When you gain strength or muscle from doing more sets or lifting more weight, you’ve tapped into progressive overload. Increased stimuli tell your body to adapt and grow stronger. The adaptation can be putting on more muscle mass. It can also be developing neuromuscular efficiency to make a lift or execute a movement. 

When you think about it, a calf is like a loaded barbell. The growth of the calf is similar to adding small amounts of weight on the bar week in, week out.

Are we saying that you need to lift a calf to notice gains in muscle size and strength? Well, you can try. In the first place, people lift weights to build muscle and gain strength.

But, again, you are thinking of switching to bodyweight training.

Here is the good news: lifting your body weight can be just as effective as lifting weights. All you need to do is increase the stimulus of your training. Although you have no weights, progressive overload can be introduced in other ways.

You can build muscle with bodyweight training!

How To Increase the Benefits of Bodyweight Exercises?

Progressive overload means introducing any type of stimulus that makes a movement challenging. When it comes to weight training, this stimulus can be adding more weight onto a bar. It can also be more sets and reps even with unchanging weights (think kettlebell training).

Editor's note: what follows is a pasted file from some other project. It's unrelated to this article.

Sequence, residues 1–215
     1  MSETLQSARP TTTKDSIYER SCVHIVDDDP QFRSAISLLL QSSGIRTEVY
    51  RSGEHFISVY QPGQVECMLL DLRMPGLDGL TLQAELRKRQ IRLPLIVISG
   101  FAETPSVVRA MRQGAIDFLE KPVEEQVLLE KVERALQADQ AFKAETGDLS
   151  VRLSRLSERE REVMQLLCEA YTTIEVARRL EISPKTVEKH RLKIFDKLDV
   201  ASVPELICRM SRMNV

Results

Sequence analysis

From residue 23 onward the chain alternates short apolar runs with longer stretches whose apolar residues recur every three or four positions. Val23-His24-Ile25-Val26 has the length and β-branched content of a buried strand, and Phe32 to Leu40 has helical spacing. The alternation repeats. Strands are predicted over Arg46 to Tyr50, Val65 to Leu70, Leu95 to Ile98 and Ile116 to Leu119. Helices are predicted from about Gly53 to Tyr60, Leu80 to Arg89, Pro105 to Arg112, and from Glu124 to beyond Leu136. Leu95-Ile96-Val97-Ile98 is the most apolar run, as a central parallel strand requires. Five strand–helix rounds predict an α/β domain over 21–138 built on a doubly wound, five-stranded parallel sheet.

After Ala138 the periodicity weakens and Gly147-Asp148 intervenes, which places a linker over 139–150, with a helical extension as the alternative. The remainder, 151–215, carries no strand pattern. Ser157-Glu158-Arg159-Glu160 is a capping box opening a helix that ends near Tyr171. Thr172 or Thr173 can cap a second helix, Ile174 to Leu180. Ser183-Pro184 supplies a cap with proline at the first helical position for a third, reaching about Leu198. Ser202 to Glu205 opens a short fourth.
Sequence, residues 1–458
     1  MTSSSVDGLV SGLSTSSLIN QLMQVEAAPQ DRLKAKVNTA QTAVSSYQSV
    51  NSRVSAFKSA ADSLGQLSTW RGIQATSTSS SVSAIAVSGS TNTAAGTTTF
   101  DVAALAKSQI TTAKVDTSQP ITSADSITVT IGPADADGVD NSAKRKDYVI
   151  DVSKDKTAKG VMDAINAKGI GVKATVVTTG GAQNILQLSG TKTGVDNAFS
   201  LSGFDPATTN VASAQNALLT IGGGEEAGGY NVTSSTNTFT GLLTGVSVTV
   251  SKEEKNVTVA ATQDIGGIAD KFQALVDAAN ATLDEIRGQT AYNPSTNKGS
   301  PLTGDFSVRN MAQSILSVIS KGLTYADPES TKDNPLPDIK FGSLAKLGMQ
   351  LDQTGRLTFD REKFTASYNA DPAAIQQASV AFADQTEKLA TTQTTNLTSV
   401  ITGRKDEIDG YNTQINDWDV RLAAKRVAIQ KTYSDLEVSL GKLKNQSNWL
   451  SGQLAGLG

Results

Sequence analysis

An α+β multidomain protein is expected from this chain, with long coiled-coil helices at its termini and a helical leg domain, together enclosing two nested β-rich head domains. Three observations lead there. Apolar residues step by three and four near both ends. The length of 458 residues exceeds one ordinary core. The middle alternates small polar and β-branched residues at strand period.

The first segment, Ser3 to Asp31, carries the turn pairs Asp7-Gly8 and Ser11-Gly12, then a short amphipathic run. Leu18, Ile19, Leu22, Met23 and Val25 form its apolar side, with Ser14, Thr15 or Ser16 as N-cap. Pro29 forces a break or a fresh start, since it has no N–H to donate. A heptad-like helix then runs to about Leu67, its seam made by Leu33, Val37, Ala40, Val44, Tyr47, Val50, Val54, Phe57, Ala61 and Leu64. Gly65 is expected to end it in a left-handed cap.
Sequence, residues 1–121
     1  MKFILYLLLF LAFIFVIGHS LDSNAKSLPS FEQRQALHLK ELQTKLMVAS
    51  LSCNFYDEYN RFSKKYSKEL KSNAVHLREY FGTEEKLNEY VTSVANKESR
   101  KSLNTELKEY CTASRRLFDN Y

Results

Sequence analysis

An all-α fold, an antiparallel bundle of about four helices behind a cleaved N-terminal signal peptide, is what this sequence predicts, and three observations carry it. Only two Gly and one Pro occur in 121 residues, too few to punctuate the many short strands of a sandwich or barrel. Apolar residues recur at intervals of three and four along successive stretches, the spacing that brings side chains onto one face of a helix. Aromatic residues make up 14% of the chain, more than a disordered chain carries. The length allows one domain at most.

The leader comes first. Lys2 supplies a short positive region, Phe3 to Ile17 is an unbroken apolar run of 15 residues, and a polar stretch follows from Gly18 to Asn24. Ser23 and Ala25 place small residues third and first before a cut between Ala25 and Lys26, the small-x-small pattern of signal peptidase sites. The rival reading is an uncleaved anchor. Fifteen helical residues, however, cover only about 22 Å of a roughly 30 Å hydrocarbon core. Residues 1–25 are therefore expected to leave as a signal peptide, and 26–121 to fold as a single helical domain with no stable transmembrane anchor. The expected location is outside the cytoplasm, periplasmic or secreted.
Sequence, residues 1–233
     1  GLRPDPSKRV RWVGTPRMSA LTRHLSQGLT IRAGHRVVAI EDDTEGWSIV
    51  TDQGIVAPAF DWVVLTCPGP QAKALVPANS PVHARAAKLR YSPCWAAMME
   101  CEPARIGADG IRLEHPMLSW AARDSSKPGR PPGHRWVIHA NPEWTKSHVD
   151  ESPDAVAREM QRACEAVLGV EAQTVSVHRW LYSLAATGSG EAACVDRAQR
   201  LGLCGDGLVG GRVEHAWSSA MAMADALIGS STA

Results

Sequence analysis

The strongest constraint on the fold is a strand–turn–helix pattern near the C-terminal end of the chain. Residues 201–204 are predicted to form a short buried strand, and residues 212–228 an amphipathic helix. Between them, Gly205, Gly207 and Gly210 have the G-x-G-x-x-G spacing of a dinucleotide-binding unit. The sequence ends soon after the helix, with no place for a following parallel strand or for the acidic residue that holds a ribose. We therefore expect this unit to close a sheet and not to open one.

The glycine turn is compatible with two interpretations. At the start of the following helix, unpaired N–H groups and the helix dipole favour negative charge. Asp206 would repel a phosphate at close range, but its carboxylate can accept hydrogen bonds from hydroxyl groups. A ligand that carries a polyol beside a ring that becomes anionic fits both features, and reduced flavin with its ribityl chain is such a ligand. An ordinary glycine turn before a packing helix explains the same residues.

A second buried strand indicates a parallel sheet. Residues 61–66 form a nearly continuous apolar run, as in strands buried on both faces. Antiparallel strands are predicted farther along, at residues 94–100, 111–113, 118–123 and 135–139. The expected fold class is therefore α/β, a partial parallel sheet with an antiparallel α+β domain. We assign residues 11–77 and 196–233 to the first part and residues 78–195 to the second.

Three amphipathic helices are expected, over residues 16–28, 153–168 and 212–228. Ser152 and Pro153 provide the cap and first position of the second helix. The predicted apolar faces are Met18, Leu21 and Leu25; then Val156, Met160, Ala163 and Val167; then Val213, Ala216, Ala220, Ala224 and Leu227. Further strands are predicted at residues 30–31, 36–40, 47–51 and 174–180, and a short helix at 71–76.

However, the keyword here is “challenging”. And challenging your body does not always involve heavy lifting.

Think about this:

What, for you, is easy (not easier)?

Maxing out on your back squat? Or doing pistol squats with perfect form on each leg?

The answer is neither, right? Both are difficult. Maxing out on your back squat is challenging because of the weight. However, doing pistol squats comes with a set of challenges that have nothing to do with weight.

This can give you an idea on how else you may be able to trigger progressive overload.

Here are ways to do it:

Increase the TUT

TUT stands for "Time Under Tension”. It simply means the amount of time a muscle is contracted before it is lengthened or relaxed. A relatively longer time under tension is essential in causing the microtears in a muscle. These tears need to be present for protein synthesis to form bigger and denser muscle fiber and connective tissue.